We are planning to ask hill breeders and allotment breeders for data that will enable us to compare these herds.
Encounters with Fell ponies on the fells: How to behave
Fell ponies may be seen on many of the upland commons in Cumbria and Lancashire. They are also used as conservation grazers on a short-term basis, on areas of botanical interest and to support insect and bird populations. Where these areas are also open access under the Rights of Way Act, you may encounter free-roaming ponies.
Please don't approach these ponies, or encourage them to come to you or your car. In particular, don't entice them with food. Although it may be thrilling to have ponies come to take treats from you, if the next family to come along doesn't offer such treats they or their car may end up as the centre of a fight between large, disappointed, grumpy animals using hooves and teeth as weapons.
If ponies come too close despite your self-restraint, point a walking pole or stick at them; a firm prod in the chest will hold them at a distance. Don't hit them, of course!
Please don't chase them, and don't let your dog chase them. Be warned, a few horses (of any breed) will try to kill dogs running loose around them. Keep yours under control and you won't have a problem.
So leave the ponies alone and admire them from a distance, for your own safety!
How Ponies and Cattle Benefit Uplands
Large grazing animals have a major influence on the control of coarse vegetation. The main comminuters are cattle, ponies and sheep, although older sheep are drafted down the hill as teeth wear. Without this pattern of farming the land would revert to scrub. Cattle are tending to be less numerous. Without the breakdown of fibrous vegetation, the natural mosaic in moorland vegetation (upland grasses, heather, bracken sphagnum) would be lost.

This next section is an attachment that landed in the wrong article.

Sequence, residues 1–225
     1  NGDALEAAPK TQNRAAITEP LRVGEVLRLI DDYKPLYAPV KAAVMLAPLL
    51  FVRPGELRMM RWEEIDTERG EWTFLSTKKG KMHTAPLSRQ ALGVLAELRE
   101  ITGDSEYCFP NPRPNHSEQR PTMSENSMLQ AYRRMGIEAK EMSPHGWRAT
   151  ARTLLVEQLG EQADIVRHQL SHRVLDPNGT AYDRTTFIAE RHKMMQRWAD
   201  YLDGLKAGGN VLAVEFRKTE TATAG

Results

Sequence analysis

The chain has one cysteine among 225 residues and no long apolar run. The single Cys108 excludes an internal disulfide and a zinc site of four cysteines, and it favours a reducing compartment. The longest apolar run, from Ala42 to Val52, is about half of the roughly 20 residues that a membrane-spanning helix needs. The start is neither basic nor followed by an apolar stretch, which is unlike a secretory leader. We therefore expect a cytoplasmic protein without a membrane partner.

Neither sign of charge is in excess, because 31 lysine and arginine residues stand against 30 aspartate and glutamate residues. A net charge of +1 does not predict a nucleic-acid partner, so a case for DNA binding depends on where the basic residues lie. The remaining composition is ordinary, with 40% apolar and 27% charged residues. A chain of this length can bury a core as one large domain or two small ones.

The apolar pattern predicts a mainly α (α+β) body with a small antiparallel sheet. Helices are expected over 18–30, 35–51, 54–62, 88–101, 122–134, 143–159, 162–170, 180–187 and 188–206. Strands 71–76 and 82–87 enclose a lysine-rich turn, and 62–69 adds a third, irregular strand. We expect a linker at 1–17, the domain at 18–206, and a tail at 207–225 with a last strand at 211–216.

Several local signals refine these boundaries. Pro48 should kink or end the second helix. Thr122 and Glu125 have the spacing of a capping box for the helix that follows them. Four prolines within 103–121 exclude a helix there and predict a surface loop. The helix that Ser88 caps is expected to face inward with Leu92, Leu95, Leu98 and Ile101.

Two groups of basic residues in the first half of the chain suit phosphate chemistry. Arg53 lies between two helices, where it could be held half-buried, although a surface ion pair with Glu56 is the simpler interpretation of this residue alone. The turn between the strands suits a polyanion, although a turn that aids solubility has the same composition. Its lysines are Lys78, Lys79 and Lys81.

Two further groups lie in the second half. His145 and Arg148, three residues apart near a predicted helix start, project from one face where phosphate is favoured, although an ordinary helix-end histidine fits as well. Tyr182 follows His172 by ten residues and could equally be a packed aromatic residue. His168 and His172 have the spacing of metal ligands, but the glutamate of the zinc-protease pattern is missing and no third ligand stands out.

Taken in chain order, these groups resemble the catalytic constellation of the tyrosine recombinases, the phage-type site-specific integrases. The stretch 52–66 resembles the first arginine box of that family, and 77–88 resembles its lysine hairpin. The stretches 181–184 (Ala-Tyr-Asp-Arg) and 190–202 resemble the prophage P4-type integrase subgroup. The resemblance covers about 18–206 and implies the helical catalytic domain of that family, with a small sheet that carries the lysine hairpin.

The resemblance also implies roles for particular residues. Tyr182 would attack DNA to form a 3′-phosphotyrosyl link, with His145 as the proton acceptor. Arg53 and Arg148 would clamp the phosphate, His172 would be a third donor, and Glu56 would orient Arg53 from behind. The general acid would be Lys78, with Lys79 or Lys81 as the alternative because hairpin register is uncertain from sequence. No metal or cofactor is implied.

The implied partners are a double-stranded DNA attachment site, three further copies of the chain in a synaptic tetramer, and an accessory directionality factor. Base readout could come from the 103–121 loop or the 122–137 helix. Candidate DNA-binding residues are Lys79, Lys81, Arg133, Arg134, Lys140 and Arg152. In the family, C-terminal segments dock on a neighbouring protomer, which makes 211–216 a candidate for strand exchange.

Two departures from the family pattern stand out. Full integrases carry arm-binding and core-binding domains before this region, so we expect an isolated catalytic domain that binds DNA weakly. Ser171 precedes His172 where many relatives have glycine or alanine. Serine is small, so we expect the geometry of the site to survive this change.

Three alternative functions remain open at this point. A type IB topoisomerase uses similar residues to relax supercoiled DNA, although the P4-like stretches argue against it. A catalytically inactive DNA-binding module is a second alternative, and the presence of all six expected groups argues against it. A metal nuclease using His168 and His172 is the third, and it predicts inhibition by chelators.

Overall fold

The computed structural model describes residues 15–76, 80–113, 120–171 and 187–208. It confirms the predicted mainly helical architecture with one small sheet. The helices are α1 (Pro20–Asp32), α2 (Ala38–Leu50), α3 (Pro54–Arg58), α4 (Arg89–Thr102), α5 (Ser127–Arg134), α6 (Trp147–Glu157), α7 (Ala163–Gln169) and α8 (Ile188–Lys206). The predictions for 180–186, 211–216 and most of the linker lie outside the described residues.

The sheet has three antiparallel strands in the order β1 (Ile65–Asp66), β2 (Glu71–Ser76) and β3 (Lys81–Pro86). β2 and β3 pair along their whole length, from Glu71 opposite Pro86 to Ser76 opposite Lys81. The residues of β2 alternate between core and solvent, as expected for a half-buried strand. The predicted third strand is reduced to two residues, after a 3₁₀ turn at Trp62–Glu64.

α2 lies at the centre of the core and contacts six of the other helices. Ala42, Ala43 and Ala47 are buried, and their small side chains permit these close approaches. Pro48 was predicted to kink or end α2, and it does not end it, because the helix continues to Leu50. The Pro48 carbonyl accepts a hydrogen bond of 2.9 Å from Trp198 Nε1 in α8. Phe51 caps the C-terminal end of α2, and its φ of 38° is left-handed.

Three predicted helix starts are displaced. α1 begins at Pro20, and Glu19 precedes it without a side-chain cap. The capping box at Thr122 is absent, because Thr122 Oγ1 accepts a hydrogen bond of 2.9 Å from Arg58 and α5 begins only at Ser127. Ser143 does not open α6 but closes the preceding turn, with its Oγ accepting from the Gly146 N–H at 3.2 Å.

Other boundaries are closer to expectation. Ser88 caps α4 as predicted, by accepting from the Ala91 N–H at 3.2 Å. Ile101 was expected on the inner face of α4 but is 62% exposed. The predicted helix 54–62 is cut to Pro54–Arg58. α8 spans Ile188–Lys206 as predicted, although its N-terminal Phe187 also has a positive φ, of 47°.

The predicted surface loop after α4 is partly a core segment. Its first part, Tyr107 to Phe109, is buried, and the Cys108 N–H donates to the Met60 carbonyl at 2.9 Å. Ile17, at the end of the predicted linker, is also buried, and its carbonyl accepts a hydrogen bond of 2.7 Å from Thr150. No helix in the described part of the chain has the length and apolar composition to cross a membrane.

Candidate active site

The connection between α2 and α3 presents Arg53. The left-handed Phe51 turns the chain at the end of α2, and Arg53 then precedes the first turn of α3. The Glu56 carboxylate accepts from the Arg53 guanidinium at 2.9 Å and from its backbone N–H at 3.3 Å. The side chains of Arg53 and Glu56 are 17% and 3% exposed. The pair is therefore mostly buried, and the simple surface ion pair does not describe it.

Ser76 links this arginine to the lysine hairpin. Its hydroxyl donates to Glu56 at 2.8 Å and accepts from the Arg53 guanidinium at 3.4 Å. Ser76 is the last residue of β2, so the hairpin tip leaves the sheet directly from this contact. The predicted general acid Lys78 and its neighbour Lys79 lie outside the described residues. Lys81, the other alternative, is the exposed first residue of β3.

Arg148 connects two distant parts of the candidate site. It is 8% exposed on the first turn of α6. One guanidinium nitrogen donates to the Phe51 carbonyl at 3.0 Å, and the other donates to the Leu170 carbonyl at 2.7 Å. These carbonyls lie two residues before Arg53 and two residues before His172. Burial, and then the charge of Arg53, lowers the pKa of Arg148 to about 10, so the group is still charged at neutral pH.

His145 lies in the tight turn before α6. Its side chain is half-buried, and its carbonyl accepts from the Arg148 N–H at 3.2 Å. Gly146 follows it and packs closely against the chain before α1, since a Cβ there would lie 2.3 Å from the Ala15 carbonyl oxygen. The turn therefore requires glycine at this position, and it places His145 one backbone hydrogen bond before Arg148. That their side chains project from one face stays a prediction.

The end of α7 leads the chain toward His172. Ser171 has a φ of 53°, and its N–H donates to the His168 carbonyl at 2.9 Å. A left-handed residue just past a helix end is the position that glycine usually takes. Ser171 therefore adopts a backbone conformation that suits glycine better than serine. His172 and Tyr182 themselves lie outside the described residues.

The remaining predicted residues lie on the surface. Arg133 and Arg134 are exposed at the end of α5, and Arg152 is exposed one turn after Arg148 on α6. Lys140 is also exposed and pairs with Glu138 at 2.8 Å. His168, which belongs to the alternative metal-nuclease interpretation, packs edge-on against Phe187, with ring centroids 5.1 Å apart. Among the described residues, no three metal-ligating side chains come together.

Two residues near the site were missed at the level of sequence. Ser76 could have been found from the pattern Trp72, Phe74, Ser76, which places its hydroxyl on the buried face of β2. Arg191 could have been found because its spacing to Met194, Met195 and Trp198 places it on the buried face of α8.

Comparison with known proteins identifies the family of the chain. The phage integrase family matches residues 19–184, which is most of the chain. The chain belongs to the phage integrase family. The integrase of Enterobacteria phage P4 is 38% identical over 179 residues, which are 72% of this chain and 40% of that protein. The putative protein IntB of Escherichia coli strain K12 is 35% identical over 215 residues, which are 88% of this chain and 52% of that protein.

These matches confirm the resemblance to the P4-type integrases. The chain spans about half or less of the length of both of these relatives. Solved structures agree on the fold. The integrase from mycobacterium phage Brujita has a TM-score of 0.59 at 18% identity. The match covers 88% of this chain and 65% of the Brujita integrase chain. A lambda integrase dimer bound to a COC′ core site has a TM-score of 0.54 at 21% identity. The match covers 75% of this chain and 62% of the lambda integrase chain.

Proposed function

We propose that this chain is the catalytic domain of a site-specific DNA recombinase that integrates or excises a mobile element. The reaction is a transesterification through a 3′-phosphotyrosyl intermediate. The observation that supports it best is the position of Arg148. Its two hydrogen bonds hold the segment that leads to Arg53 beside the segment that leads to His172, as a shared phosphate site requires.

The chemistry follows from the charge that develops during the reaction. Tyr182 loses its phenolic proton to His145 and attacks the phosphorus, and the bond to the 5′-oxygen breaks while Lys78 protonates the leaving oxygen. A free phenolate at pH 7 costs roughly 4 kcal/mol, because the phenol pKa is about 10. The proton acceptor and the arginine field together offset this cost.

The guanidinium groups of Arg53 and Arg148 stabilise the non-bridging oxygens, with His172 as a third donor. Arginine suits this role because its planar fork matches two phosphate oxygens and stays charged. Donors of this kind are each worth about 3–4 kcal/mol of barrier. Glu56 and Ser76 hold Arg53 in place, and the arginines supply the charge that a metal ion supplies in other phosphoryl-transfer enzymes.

Moorland is acidic from rainwater, so blanket bog develops. These peaty, wet acidic organic soils do not have the earthworm population to act as invertebrate comminuters, and a slower process is occurring with the smaller enchytraeid worms.
Organic matter accumulates slowly to form peat; the main plant involved is sphagnum moss, which is pickled in this acidic environment, and being waterlogged, air is excluded, and decomposition nil, thus acting as a permanent carbon sink. The upland peat in Britain is more prevalent than Europe, and should be protected.
The major grazers that are on the moor permanently become hefted to their particular moor, over generations, after being shepherded originally by graziers. These animals have knowledge of where to find water, shelter, and the best grazing for the time of year. Moreover they do not stray onto other moors, and they share their knowledge with their offspring, conferring this advantage to them, which serves them well in harsh weather. This will be lost if they are taken off the moor.
Upland moor is fragile, and is soon damaged, but takes decades to recover. Rare plants found in nutrient poor blanket bog especially butterbur and sundew will disappear.
There is no quick fix. Areas above the natural tree line would not support re-forestation. Conifers are not native and a sterile understorey would result in loss of species diversity. If peatland drains then carbon is returned to the atmosphere.
Ann Dunning, February 2021